Each page is like a movie scene, reeling before your very eyes. This book made me want to make a movie out of it. Five cookies!

Filed under Book Reviews

The Zombie Whisperer by Jesse Petersen

Although the story is quite predictable and the cover is a little off, still this final book in the Living with the Dead series is a better ending than I have expected.

In this last book, we follow Dave and Sarah who are living a quiet life in a farmhouse somewhere in Montana after their heart pounding adventure in the previous book. This time though, Dave was reluctant to leave the farm but Sarah thinks otherwise, until a chopper landed on their yard revealing Nicole and The Kid asking them to go back to some lab in Seattle with them, wherein they have continued the research about the cure and the process of exterminating hordes of the undead using the cure.

Eventually, Dave got Sarah to agree to go back to Seattle where the apocalypse began, and there, a new adventure began. They met new people, fought more zombies to clear out some parts of the university, fixing the fence, unfolding secrets in which Sarah had her fair share of and betrayal.

Towards the middle of the novel, Sarah confessed that she’s pregnant and she have been keeping it from Dave and everyone all along, that is why she didn’t want to leave for Seattle in the first place. But there seemed to be something wrong with their baby, it seemed that it has acquired Dave’s ‘bionic’ traits and it grows faster everyday. With this, Sarah and Dave have attracted some unexpected guests from the previous book and are now after their little Zombie.

I honestly find it quite unoriginal, with the fast paced pregnancy and the physical toll it brought to Sarah, add to that Dave’s cold reaction and feelings towards their baby. It really reminded me of Stephenie Meyer’s Breaking Dawn, but then again, it’s entertaining, especially that readers get to read about Dave’s thoughts about the events and an additional narrator was added when Sarah was knocked out and kidnapped towards the end of the story. At the end, as expected, they managed to survive another breathtaking and life-risking event which saved the world from further destruction and slowly restored it to become a safer and livable place.

It was still action packed and still gives me the urge to keep on reading until the very last page. And although it has become quite Breaking Dawn-ish and had some errors in the text, I still loved it. Four cookies!

Filed under Book Reviews

Eat.Slay.Love by Jesse Petersen

Yes, I pledge guilty for being addicted in reading the books in this series and you can put all the blame to Jesse Petersen. I just had to buy the third book (in ebook form) in the Living with the Dead series after finishing the second one. Although the second book was lengthy enough, still I can’t get enough of Sarah and David; I just sort of fell in love with them and their story.

I honestly liked this book better than the previous ones in the series. I guess it’s because of the less predictable scenarios and more action filled pages. Zombies doesn’t seem to be the main problem of Sarah and David now in this part of the series, and I liked that the author was able to look into the fact that fellow humans are also a huge threat to other survivors but she was able to balance out the situation with Kathleen’s character and her crew.

Found bits of errors in the text though, like misused words and wrong use of linking verbs, but it may just be because I was reading the ebook format. Anyway, the ending was a bit lacking as usual, but at some point I really thought that it was the last book in the series. I just sort of fell in love with Sarah and David, that at some point I got disappointed thinking it was the last book, but alas! It is not.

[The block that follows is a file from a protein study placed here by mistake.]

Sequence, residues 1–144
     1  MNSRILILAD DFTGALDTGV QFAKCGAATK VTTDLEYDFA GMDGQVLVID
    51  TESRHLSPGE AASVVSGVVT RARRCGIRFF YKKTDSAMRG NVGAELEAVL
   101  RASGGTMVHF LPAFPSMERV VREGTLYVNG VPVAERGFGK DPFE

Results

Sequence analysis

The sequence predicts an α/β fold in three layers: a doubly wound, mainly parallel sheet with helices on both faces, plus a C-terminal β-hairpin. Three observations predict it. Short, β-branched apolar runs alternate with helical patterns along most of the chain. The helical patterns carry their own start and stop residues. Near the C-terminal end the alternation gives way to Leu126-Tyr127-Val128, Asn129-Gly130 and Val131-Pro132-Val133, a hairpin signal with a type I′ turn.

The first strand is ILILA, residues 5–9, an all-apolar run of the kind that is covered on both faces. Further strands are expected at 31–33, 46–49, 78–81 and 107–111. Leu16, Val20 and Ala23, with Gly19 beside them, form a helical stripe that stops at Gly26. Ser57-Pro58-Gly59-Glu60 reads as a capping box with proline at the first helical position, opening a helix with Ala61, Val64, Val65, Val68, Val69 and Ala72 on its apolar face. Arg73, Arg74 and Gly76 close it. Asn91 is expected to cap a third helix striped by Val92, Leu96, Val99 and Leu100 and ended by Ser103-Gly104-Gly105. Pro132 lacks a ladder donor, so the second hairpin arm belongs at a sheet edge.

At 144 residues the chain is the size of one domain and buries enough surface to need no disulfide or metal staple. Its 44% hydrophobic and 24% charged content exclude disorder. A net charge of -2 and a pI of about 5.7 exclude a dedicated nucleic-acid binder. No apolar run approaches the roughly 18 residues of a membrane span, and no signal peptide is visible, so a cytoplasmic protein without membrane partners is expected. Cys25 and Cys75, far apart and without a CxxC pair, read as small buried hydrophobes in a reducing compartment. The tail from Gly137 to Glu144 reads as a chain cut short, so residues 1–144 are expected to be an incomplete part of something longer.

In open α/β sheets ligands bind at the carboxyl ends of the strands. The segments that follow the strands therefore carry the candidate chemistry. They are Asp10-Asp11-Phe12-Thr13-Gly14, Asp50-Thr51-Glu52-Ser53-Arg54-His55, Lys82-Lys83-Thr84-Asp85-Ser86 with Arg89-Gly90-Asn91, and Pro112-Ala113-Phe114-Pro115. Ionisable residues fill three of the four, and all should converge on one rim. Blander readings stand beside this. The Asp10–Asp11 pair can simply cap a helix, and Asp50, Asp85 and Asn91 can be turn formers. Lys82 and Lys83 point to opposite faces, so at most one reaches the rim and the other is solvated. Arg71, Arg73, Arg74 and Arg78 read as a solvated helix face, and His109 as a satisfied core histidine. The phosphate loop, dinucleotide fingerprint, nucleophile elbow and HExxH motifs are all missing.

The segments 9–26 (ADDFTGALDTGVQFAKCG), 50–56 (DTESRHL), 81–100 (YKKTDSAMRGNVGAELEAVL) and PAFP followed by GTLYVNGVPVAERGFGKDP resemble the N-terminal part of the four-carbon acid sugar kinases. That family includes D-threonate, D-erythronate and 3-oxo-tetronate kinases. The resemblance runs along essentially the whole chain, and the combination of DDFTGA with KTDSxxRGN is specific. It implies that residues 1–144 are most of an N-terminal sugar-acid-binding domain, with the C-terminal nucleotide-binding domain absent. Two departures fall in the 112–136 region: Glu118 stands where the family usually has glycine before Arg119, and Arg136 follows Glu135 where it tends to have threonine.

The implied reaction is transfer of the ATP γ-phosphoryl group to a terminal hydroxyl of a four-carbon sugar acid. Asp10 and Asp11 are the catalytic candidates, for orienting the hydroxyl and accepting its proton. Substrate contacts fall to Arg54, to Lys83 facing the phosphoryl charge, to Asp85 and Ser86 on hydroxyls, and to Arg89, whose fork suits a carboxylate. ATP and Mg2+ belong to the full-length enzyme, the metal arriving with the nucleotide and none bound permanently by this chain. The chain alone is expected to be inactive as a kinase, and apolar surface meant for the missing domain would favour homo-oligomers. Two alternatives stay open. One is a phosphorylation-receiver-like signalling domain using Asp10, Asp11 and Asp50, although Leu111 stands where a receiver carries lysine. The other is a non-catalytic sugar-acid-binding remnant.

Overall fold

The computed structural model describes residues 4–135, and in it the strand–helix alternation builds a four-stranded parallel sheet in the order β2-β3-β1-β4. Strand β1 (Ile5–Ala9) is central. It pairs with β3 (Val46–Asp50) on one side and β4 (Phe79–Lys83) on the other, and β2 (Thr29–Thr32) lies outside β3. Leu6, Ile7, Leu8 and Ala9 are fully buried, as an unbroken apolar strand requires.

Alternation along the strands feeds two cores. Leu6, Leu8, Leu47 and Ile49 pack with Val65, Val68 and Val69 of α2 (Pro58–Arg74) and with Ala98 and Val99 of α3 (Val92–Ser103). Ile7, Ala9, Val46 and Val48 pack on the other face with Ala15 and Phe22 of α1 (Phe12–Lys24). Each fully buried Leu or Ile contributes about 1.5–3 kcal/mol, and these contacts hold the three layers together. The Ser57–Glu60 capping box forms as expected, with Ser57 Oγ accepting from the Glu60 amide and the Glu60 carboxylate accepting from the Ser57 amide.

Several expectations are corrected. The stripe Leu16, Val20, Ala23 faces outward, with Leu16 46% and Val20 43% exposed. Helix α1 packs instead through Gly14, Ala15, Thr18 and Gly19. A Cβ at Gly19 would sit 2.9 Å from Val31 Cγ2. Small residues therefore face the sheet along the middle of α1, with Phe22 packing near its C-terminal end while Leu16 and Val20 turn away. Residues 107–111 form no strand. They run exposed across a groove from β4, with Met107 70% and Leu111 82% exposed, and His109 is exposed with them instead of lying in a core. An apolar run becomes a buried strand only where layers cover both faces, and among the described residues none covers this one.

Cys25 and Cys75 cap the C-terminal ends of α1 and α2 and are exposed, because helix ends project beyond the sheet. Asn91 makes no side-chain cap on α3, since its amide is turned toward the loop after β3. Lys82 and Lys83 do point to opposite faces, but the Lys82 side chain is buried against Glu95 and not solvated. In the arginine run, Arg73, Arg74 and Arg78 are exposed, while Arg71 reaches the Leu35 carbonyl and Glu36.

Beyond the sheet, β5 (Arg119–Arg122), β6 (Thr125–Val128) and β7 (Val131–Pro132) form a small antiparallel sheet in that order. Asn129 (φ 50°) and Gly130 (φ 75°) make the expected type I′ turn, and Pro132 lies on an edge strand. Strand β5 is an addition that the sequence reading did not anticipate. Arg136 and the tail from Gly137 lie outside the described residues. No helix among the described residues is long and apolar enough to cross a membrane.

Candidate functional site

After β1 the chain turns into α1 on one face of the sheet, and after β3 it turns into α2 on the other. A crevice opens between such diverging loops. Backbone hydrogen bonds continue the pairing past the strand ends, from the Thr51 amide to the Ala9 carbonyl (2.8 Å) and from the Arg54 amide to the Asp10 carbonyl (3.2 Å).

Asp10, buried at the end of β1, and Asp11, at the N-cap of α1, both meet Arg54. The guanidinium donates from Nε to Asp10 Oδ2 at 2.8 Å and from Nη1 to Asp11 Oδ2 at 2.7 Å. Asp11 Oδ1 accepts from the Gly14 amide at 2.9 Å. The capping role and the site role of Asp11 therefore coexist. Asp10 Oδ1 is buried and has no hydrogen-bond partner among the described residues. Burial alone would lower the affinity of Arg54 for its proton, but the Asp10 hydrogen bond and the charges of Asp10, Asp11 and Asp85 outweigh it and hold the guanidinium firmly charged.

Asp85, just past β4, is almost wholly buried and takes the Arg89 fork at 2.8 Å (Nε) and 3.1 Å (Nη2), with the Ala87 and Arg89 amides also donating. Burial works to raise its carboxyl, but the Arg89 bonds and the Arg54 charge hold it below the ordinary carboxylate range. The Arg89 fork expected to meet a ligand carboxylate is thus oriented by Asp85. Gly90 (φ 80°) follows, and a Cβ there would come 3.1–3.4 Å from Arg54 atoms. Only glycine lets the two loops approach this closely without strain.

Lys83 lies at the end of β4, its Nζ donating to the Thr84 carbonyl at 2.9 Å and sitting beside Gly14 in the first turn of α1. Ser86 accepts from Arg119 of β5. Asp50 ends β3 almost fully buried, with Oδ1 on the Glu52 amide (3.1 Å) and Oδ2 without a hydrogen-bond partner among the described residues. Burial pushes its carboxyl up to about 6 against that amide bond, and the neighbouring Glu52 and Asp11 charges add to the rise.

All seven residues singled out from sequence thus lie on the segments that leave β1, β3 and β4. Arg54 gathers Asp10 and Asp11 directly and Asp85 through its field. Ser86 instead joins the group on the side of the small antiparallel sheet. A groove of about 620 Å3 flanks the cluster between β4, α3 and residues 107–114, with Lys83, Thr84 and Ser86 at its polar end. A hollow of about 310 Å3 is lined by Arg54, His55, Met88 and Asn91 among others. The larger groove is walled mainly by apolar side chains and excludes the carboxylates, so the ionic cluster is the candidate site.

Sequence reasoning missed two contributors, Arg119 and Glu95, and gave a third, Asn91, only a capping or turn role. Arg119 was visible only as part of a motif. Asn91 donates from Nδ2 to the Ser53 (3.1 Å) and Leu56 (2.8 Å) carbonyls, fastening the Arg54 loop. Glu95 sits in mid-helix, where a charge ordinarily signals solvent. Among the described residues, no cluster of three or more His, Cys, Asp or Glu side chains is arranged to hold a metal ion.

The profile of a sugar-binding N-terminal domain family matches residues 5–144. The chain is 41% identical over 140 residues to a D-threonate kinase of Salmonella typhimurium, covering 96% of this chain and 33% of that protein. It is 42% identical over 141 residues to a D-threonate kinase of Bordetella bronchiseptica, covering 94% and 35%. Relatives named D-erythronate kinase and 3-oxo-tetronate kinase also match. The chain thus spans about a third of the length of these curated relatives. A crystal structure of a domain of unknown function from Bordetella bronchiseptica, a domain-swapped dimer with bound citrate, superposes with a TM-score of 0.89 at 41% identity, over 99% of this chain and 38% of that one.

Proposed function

It was a short read, but it’s something zombie novel lovers would definitely enjoy. :) Four cookies and a high five! haha :D

Filed under Book Reviews

Flip This Zombie by Jesse Petersen

As I have mentioned with my previous review of the first book in the Living with the Dead series, the story left me asking for more and true enough, the second book in the series filled the lacking space that the first book left. So I acquired an ebook of the second book and started reading away as if I’ve nothing to do at all.

In the second book, we follow Dave and Sarah forming some sort of a trade business during the apocalypse by means of zombie extermination. They were tasked to kill zombies for other survivors in exchange for supplies, and with their team work and what seemed to be a stronger marriage, they slashed and fired away every zombie in their way.

Until they came across a scientist who claims to have been studying the “epidemic” and who is in the process of finding the cure in an underground lab of an old military warehouse. The scientist hired them and sent them to missions where they encountered stronger zombies which apparently revived some of the logic left in them, that made Sarah and Dave call them “bionics”. During their first mission, they have also come across with a pre-teen boy, whom they address to as “The Kid” throughout the story.

Towards the latter part of the novel, the couple discovered far difficult challenges more than the apocalypse itself, and it’s the mad-scientist, the cure and Dave getting bitten.

The second book is definitely better than the first book. Far more exciting and action packed and more witty, if I must say. Not as disappointingly short either. I honestly liked it better than the first one. The language situation was practically the same though, but it gave the book a more personal diary feel to it, as if Sarah was really writing it herself rather than just plainly narrating it.

I really can’t wait to read Eat. Slay. Love. :) This deserves four cookies.

Filed under Book Reviews

Married with Zombies by Jesse Petersen

Thanks to Manel Loureiro, I decided to go on a Zombie novel reading marathon. I am having my internship and the vacant time could get really boring, so I decided to give Jesse Petersen a shot with the first part of the Living with the Dead series, Married with Zombies.